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Dogs avoid people who snub their owners
Dachshund and owner
The study suggests that dogs can read social situations and avoid those who act negatively towards their owners.
Social eavesdropping may not be an ability unique to primates

It's well known that dogs are highly intelligent beings that can respond to commands, sniff-out criminal evidence and even diagnose medical conditions. But now, new research has shown that they might even be able understand simple interactions between people.

In a recent experiment, Japanese researchers found that dogs tended to avoid people if they acted negatively towards their owners. This suggests that dogs are able to read social situations - an ability known as 'social eavesdropping'.

The experiment was designed to see if dogs can evaluate humans interacting with one another over an object.

The results revealed that dogs avoided taking food from a person who behaved negatively towards their owner, which in this case meant ignoring them.

In the experiment, the dog's owner tried to open a container to get a junk object that was inside, then requested help from an actor sitting next to him, while the dog watched the interaction.

In the helper condition, the actor held the container stable to help the owner open it.  In the non-helper condition, the actor turned away and refused to help. A neutral person sat on the other side of the owner throughout these interactions.

After the instruction, both the actor and the neutral person offered a piece of food to the dog. The study found that dogs chose food randomly in the helper and control conditions, but were biased against the actor in the non-helper conditions.

The scientists say that the dogs' avoidance of someone who behaved negatively towards the owner suggests that social eavesdropping may be shared with a non-primate species.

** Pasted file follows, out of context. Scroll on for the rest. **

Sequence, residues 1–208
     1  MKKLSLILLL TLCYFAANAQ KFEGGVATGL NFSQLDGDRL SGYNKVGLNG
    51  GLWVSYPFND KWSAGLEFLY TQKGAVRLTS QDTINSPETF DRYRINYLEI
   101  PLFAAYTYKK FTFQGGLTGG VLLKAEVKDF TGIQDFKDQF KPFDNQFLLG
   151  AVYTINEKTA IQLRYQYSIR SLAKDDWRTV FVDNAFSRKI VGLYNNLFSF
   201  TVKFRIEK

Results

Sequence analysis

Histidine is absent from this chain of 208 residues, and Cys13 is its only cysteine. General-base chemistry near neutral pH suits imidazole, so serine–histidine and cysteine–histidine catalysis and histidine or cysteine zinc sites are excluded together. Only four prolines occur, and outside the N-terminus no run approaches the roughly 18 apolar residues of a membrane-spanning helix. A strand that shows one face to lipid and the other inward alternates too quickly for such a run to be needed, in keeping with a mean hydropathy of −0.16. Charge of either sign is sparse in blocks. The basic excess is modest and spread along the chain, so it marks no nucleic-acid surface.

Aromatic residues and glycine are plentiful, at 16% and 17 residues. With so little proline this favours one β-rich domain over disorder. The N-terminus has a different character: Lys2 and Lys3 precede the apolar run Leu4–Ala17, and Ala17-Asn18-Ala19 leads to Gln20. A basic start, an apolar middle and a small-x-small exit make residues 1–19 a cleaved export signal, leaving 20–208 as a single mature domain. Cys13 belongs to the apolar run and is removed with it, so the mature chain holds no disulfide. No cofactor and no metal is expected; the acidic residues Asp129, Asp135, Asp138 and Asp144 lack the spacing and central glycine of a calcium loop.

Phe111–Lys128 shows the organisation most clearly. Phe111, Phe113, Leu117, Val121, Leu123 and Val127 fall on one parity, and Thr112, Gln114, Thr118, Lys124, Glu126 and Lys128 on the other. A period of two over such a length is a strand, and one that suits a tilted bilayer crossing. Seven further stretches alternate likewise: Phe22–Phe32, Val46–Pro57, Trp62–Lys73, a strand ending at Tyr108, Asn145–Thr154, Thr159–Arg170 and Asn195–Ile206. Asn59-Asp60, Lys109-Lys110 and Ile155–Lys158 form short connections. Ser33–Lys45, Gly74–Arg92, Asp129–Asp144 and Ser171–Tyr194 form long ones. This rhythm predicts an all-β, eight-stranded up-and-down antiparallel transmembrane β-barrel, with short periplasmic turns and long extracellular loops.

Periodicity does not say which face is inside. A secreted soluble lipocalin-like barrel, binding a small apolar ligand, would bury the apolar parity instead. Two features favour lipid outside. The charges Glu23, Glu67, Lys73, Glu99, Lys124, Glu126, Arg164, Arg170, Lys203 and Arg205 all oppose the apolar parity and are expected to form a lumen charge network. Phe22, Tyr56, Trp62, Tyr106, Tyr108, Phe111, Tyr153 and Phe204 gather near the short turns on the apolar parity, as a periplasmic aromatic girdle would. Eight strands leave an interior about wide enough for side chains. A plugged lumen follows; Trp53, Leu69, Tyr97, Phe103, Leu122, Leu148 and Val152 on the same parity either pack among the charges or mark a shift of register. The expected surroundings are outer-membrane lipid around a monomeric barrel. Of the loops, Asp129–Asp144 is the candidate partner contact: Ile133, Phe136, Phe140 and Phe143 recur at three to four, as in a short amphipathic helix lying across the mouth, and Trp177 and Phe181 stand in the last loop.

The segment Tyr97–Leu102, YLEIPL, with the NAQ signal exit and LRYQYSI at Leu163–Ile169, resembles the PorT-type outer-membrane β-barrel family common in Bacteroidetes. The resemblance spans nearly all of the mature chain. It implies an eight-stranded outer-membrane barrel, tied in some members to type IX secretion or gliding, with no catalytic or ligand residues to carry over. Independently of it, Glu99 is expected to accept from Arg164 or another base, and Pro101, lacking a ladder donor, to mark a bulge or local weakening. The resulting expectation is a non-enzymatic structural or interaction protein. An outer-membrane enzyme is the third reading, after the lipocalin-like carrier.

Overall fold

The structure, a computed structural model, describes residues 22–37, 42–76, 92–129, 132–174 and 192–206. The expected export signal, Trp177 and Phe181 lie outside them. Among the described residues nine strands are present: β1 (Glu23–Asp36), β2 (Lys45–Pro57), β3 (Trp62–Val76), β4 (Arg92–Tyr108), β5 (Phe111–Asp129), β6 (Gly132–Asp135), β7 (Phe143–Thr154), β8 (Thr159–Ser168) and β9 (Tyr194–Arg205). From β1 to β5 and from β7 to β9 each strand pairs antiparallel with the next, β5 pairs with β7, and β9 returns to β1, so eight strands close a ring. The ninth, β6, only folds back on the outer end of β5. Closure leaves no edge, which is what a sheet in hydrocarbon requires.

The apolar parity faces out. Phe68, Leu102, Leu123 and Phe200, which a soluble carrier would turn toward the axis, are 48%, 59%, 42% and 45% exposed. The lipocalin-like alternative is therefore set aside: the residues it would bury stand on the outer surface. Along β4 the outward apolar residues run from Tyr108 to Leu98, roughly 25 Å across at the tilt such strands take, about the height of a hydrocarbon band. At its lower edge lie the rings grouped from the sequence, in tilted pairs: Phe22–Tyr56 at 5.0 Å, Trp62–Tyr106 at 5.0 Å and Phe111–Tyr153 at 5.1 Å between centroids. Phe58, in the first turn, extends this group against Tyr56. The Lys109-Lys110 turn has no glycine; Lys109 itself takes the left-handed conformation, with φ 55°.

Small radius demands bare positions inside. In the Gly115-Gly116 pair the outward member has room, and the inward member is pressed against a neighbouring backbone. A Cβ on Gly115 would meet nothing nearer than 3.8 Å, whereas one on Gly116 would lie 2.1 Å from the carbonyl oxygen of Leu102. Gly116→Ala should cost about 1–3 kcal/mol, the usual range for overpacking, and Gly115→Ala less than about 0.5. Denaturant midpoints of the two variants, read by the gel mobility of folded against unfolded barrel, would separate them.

The study, Dogs avoid people who behave negatively to their owner: third-party affective evaluation, was published in Animal Behaviour.

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Celebrity chefs urge public to get baking to support Cats Protection fundraiser

News Story 1
 In support of Cats Protection's Pawsome Afternoon Tea fundraiser, Masterchef winner Tim Anderson and Great British Bake Off star Kim-Joy have shared biscuit recipes to help keen bakers raise money for needy cats across April.

The celebrity chefs are both cat owners and have said that they hope this fundraiser will help to raise awareness of cats in need and the importance of adopting a cat, rather than buying one.

This is the fourth year Cats Protection has run its Pawsome Afternoon Tea campaign, which encourages people to hold tea parties, bake sales and fundraising events to help raise money for the charity.

To view the recipes and other fundraising resources please visit the Cats Protection website. 

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BEVA offering free membership to vet students

The British Equine Veterinary Association (BEVA) is offering free membership to veterinary students. As part of a new initiative with the aim of encouraging more veterinary professionals into equine practice.

According to BEVA, less than one in ten veterinary students choose to work in equine practice. The association hopes that this initiative will provide insight into the field and the benefits of a career in equine medicine.

Benefits of membership include:
▪ access to a network of nearly 3,000 members
▪ special student rates to attend BEVA Congress
▪ online access to BEVA's Equine Veterinary Education (EVE) journal
▪ free access to the association's online learning platform
▪ free access to BEVA's practical veterinary apps
▪ exclusive discounts on a range of things from cinema tickets to grocery shopping.

BEVA will be releasing a series of short videos over the next few months from BEVA Council members, explaining what inspired them to work in equine practice.

Image (c) BEVA.